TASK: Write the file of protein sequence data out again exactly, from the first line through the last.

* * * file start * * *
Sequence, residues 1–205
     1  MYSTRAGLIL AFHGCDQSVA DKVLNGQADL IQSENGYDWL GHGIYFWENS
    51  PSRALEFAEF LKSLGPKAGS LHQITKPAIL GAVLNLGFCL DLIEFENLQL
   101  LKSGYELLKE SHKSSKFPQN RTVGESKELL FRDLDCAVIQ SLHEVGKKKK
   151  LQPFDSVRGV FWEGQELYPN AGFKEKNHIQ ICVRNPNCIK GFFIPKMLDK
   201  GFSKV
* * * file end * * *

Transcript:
Sequence, residues 1–205
     1  MYSTRAGLIL AFHGCDQSVA DKVLNGQADL IQSENGYDWL GHGIYFWENS
    51  PSRALEFAEF LKSLGPKAGS LHQITKPAIL GAVLNLGFCL DLIEFENLQL
   101  LKSGYELLKE SHKSSKFPQN RTVGESKELL FRDLDCAVIQ SLHEVGKKKK
   151  LQPFDSVRGV FWEGQELYPN AGFKEKNHIQ ICVRNPNCIK GFFIPKMLDK
   201  GFSKV